-Raw Sienna, small
-Burnt Umber, small
-Ultramarine Blue, small
-Pthalo Blue, small
-Yellow Ochre, small
-Alizarin Crimson, small
-Viridian Green, small
-Cadmium Yellow Light, small
-Cadmium Red Medium, small
Brushes: *Do not purchase watercolor brushes, only brushes used for Oil and Acrylic paint.
#12 Filbert
#12 Flat, short bristles, long handle.
#10 Flat, short bristles, long handle.
#8 Filbert
#6 Flat, short bristles, long handle.
#2 Flat, short bristles, long handle.
Canvas:
-(2) 11 x 14”,(2) 16 x 20”, (1) 20 x 24”
-Canvas paper: one pack of ten sheets, 11 X 14”

I have arranged for Pre-packs to be ready for purchase at Utrecht Art Supplies for your convenience. You may purchase these items where you please.
Utrecht Art Supplies
2020 Chestnut Street
Philadelphia, PA 19103
215-563-5600

ART STORE LIST: Local stores:

Merion Art & Repro Center Pearl Paint
17 West Lancaster 417 South Street
Avenue. Ardmore, PA 9003 Philadelphia, PA 19147
61 0-896-61 61 215 238-1900

Rubinstein's Utrecht Art Supply AC Moore
250 East Market Street 301 South Broad Street Broomall Plaza
West Chester, PA 9380 Philadelphia, PA 19107 2940 Springfield Rd
6 10 696- 1150 215 546-5600 Broomall, PA 9008
6 10 353- 1117

Village Art Shop Utrecht Art Supply Michaels
23 E. State Street 2020 Chestnut Street 601 West Baltimore Pike
Media, PA 9063 Philadelphia, PA 19103 Springfield, PA 19064DCCC
6 10 566-6242 215 563 5600 610 690-1633

Weekly Schedule: (Subject to change)

Week 1: Introduction: discuss syllabus, material list, and the significance between drawing and painting. Discuss the history of oil and acrylic paints. Answer questions? Mandatory: Purchase materials for the following class. Without the materials, you cannot work.
-Homework:
-Purchase materials
-Make a view-finder

Week 2: How to hold a brush, mix paint, and prepare a painting station. Begin twelve step value scale. Introduce drawing fundamentals: (MSP) measuring sighting, and perspective. Introduce comparative relationship / vertical and horizontal plumb lines. Study the still life, with your viewfinder, Begin to think about composing an image (composition). Demonstration and begin working from the still life.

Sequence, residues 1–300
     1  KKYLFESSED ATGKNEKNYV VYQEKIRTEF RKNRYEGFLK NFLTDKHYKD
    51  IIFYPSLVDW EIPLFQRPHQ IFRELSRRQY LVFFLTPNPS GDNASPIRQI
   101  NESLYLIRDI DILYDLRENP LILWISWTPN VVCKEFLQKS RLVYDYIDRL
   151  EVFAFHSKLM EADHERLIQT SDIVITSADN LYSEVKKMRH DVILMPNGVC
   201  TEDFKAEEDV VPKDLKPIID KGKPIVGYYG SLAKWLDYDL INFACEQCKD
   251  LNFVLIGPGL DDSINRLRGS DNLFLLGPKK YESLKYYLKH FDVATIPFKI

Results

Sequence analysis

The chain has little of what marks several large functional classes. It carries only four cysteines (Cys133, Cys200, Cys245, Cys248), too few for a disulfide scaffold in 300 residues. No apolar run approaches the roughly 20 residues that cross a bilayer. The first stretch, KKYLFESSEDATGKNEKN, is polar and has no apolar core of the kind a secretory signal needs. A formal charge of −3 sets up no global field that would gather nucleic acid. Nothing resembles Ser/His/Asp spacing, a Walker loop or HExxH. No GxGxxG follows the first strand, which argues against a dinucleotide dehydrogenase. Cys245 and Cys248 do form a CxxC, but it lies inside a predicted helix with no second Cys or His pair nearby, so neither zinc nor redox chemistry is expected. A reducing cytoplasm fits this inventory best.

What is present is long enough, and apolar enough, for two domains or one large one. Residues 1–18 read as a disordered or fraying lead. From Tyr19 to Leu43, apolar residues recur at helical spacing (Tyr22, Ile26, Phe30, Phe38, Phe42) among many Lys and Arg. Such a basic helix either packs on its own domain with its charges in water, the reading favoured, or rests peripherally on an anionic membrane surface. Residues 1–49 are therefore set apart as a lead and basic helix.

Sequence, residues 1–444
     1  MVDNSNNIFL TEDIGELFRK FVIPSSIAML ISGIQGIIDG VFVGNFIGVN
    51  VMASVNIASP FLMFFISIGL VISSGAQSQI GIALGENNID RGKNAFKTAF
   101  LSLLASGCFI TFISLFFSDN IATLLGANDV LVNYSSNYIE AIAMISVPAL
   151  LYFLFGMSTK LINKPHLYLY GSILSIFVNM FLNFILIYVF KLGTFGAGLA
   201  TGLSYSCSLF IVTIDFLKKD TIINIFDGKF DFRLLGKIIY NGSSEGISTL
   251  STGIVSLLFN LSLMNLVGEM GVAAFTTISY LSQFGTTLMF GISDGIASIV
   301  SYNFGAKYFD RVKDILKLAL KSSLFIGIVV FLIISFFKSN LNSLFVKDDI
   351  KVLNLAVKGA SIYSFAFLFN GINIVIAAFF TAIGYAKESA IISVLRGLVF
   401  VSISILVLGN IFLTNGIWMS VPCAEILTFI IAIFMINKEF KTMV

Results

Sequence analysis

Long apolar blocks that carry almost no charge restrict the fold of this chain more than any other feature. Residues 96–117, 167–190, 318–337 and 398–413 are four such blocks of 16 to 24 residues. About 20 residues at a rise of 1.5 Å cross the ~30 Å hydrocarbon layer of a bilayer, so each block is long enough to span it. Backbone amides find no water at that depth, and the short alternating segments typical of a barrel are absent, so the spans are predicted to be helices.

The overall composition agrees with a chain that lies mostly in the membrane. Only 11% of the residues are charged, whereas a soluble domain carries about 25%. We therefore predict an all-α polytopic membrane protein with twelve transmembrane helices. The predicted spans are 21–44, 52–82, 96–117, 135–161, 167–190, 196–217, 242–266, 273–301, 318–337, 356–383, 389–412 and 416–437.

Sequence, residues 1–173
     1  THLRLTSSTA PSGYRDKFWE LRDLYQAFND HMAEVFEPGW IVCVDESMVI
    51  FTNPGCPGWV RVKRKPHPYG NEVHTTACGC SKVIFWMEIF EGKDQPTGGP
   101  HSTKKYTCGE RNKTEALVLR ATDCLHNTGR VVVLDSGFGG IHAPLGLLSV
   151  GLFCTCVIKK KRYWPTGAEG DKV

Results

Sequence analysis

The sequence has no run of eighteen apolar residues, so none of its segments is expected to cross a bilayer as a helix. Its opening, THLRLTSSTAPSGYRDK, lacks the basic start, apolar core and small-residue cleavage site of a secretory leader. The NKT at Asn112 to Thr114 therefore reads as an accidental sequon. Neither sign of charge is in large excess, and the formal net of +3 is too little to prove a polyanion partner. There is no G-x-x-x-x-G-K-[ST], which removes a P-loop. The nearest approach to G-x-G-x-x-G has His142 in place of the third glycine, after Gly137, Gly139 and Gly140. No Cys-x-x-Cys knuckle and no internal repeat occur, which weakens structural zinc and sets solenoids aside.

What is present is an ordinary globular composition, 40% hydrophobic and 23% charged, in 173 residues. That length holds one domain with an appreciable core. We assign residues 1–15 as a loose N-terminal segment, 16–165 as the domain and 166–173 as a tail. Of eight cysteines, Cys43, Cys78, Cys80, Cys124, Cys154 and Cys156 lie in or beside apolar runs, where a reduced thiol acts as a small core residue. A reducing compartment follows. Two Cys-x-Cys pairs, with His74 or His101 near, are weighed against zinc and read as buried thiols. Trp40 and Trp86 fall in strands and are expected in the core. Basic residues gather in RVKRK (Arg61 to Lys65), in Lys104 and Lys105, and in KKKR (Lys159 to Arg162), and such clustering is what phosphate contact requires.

Read: p. 2-9, 36-47, 126-133, Betty Edwards, “Color”

Week 3: Slide show/Lecture focusing on the parallels of renaissance geometric composition to non-objective Russian Constructivists. Review basic compositional elements: balance, harmony through pattern of shape, form and space. Discuss how horizontals, diagonals, and verticals support or control compositional intentions.
-Leading line, or directional movement.
Volume and depth. Focus on edges (soft and hard), push and pull forms. Continue working on black/white paintings. Introduce Chiaroscuro: Italian word meaning light to dark in relation to modeling forms. Class critique on paintings (home and class work).

Week 4: Introduce warm and cool color. Expand your palette using Yellow Ochre and Ultramarine Blue. Use a hole puncher and white paper to see the color without distraction. How does the light produce a warm orange-like hue, and the shadows are on the cool blue side. Work on warm and cool color paintings. Extract multiple hues from a limited palette.
Read P. 9-33, Betty Edwards, “Color”.

Week 5: Continue warm / cool paintings for Final critique. Homework: Artist presentation: find a book on a painter of your choice for a future 5-10 minute presentation to your peers.
Read p. Chapter 5, Betty Edwards, “Color”.


Week 6: Introduction to color theory: Create a 12 hue color wheel: primary, secondary, and tertiary color / complement and analogous colors. Discuss the three attributes of color: hue, value, and intensity. Mix opposite colors to achieve a perfect gray. Pointillism paintings / impressionism: Color reaction. Review Seurat, Monet, Manet, Cézanne, etc. Begin a small pointillist color study for homework. Speed drills: 30-second paintings up to 30-minute paintings. Read and react with immediacy, instinct and speed.
Read Chapters 6-7, Betty Edwards, “Color”.